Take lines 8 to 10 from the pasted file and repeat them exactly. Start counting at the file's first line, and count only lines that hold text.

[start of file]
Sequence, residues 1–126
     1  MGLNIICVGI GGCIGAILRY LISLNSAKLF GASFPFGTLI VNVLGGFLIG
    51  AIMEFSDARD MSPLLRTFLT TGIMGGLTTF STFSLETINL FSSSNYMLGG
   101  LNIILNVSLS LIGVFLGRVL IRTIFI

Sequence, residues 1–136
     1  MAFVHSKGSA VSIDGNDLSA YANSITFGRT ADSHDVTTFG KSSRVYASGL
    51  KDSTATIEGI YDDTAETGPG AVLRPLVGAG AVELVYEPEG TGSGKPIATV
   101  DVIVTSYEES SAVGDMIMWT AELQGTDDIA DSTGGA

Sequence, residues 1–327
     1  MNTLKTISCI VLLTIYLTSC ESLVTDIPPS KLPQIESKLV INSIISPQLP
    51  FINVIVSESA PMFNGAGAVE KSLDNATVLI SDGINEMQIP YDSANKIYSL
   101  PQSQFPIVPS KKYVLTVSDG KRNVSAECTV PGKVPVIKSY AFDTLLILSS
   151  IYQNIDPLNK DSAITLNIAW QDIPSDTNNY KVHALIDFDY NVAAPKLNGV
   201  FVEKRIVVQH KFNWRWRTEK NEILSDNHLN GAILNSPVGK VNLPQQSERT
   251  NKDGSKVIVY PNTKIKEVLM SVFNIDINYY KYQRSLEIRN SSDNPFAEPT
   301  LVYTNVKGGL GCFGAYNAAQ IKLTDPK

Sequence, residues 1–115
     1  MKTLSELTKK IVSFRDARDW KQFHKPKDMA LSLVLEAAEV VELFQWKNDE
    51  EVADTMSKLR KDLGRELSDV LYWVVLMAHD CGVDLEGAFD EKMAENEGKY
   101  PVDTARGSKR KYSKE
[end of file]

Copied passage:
   101  DVIVTSYEES SAVGDMIMWT AELQGTDDIA DSTGGA

Sequence, residues 1–327
     1  MNTLKTISCI VLLTIYLTSC ESLVTDIPPS KLPQIESKLV INSIISPQLP